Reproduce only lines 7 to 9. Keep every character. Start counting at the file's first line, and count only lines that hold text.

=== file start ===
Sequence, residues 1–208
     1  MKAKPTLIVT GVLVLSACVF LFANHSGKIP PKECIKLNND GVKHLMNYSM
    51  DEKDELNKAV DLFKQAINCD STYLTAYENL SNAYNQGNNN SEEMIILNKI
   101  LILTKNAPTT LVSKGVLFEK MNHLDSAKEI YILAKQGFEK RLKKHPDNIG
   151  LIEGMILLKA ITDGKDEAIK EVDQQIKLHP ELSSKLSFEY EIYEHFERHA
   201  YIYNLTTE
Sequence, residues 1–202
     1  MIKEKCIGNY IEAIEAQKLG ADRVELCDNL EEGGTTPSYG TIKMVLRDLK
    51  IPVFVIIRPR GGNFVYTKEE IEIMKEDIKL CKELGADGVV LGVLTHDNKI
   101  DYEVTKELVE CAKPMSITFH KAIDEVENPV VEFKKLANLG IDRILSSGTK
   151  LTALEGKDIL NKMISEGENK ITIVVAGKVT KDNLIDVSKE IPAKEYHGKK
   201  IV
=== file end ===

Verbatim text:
Sequence, residues 1–202
     1  MIKEKCIGNY IEAIEAQKLG ADRVELCDNL EEGGTTPSYG TIKMVLRDLK
    51  IPVFVIIRPR GGNFVYTKEE IEIMKEDIKL CKELGADGVV LGVLTHDNKI